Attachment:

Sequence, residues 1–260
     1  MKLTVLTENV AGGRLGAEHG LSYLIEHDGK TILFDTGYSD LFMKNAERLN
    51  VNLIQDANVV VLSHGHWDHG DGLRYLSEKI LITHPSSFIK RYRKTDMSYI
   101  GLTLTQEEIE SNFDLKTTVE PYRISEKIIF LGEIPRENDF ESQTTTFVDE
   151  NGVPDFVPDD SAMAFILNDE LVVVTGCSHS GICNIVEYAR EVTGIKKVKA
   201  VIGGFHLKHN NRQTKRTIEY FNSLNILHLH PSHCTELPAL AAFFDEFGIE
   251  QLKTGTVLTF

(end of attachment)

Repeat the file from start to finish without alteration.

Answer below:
Sequence, residues 1–260
     1  MKLTVLTENV AGGRLGAEHG LSYLIEHDGK TILFDTGYSD LFMKNAERLN
    51  VNLIQDANVV VLSHGHWDHG DGLRYLSEKI LITHPSSFIK RYRKTDMSYI
   101  GLTLTQEEIE SNFDLKTTVE PYRISEKIIF LGEIPRENDF ESQTTTFVDE
   151  NGVPDFVPDD SAMAFILNDE LVVVTGCSHS GICNIVEYAR EVTGIKKVKA
   201  VIGGFHLKHN NRQTKRTIEY FNSLNILHLH PSHCTELPAL AAFFDEFGIE
   251  QLKTGTVLTF